Because of a nagging foot injury I had a run/walk race strategy from the start. I felt pretty good and settled in to that for the first 4/5 miles. Slowly but surely I began to break down. My painful foot and GI issues plagued my run. As I passed the half marathon mark I knew I wouldn’t get pulled from the course but I also knew unless I picked up speed I may not make the Roth-specific 15 hr time requirement. Ironman time limit is 17 hours.
The Darkness and The Light
While on the last out and back at about mile 17/18 the sun began to set. As I entered a stretch of trail I took the head lamp and started to mentally and spiritually break down. I knew all of my team mates were finished or almost and realized there were absolutely no other runners near me. It occurred to me that the ones behind me were pulled perhaps at the half way mark and I started to believe they were the lucky ones. (I am not minimizing the terrible feeling of being pulled off a course that has your heart and soul all over it but whereas I was well into the run… 18/19 miles at this moment I still had a shit-ton to go)
I was alone in a foreign country with a very painful foot and stomach issues. Course support was just about nil. No water. No food. No cell phone. No light. No one.
I exited the woods about mile 20 still very much alone.
Keep moving forward. Keep moving forward.
I reached a stretch of soft pavement by a lovely during-the-day canal and saw blessed volunteers breaking down what would be the last opportunity for water or calories. I desperately needed both and knew my body would gobble them up faster than the finish line loomed.
Don’t stay in the lows. Don’t stay in the lows.
Grace is worried about me. What if my legs buckle and I can’t move? There is no food. There are no people. I have no cell phone. I still have 4/5 miles left. I am alone in a foreign country. No light. No food. No people. Depleted…. almost.
I toyed with shame an embarrassment. No one wants to be the sweeper or the last teammate. With the SpeakUp Race Team, I am in company with Kona kings, Could-be-pro’s, and born-to-swim-bike-run athletes with heart, moxie and staying power who eat pain to help others. I may not have speed but I refuse to be the weak link. I did not want to be pitied. Pride poked through my madness but quickly left when I needed to stay in the moment to make it. Pride took up precious space in my constitution until it left with this prayer. (remember I am still very much in the race. At this point it’s my race I am going for Ironman time.)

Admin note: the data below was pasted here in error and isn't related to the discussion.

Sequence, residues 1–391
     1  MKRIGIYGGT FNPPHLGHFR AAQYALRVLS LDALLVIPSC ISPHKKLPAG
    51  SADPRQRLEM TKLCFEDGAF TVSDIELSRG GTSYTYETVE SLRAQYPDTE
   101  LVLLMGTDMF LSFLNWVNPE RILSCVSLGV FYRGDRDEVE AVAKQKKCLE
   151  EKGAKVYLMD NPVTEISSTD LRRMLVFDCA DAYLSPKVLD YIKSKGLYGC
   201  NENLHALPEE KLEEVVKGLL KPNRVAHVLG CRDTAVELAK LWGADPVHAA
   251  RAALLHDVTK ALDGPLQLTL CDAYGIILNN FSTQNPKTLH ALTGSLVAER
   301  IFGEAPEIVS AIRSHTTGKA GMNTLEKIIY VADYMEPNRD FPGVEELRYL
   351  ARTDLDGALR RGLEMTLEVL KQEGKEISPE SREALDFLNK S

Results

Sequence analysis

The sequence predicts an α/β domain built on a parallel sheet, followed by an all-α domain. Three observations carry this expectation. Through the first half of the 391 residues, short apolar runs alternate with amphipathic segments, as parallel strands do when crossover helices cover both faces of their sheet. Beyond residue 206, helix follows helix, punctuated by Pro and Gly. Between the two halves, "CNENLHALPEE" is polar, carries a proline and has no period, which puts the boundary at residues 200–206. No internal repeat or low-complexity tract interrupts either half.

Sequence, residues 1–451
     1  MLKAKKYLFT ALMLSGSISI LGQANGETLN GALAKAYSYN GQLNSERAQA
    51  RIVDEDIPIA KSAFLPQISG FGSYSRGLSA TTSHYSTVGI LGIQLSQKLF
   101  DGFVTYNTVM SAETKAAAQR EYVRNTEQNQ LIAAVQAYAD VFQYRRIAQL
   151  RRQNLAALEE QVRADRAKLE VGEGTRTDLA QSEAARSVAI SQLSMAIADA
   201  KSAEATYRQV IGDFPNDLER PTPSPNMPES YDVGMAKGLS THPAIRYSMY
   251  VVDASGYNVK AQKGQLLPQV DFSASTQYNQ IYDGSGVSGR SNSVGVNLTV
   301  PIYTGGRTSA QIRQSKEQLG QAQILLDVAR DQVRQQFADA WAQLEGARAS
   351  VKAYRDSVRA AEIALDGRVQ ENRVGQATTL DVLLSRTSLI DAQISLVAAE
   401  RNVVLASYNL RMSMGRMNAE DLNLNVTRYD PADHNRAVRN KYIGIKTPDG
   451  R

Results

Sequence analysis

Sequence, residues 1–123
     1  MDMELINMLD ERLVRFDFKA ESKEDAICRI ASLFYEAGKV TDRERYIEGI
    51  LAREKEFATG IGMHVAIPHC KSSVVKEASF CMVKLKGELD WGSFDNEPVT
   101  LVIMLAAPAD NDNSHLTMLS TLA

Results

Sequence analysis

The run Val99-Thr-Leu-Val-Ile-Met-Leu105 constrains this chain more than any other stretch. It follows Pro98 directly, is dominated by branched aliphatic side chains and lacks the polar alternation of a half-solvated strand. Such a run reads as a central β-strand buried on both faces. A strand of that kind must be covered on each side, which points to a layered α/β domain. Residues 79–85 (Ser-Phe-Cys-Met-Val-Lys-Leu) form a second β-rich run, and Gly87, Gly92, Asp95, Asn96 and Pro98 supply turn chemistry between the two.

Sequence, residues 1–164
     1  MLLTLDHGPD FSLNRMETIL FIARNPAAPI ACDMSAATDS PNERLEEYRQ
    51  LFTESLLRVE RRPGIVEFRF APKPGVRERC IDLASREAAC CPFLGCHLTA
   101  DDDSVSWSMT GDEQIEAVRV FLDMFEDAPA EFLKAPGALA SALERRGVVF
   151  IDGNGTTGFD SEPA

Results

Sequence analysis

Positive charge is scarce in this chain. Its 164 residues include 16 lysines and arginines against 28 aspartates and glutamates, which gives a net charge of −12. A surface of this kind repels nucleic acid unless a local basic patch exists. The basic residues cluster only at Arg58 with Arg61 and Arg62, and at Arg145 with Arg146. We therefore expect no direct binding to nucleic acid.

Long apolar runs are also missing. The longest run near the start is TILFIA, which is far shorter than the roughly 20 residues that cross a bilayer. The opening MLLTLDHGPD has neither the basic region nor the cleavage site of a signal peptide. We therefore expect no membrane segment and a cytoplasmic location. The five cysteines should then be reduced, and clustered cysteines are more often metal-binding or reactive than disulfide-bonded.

God, I know I am in your Grace. But I am afraid. Help me.
Within moments a gentlemen came behind me and asked in broken English if he could Finish This with me.
God, really? That was fast.
In true Cameron Gallagher fashion, I said to him: “Let’s Finish This.”
Jean-Marie is from France, a 3-time Challenge Roth Finisher with a number of impressive races under his belt. I am in very, very good company in every way. We have each given over to mostly walking with a few stretches of jogging. It is mile 22.
Two strangers, one an angel to another. We knew we’d Finish This and likely in Ironman time. Along the way he learned about our amazing SpeakUp Race Team, our purpose and our maker. I learned his family has been dealing with mental illness for quite some time.
I have a spot in Paris for my family to visit and a free tour guide.
He taught me to be proud of myself. I taught him about the changing face of depression and mental illness drawn by Cameron. We held each other up – he more than I, I feel sure. But together, nonetheless, we fought the good fight. We finished the race. And with a little help from a friend, we kept the faith.
My team. My husband. My BFF in Boulder. My friends. My children. My siblings. My parents. My collective extended team family. My Coaches. My niece, my Cameron. All.
You are my all in all.
They don’t give out Ironman medals at Challenge Roth. Our Moose gave me his. Our Jeff gave me his commemorative finisher’s beer stein. This belongs to Us. All of Us.
Here’s his medal
Thank you, Moose
Challenge Roth taught me what God’s been trying to show us all for all time.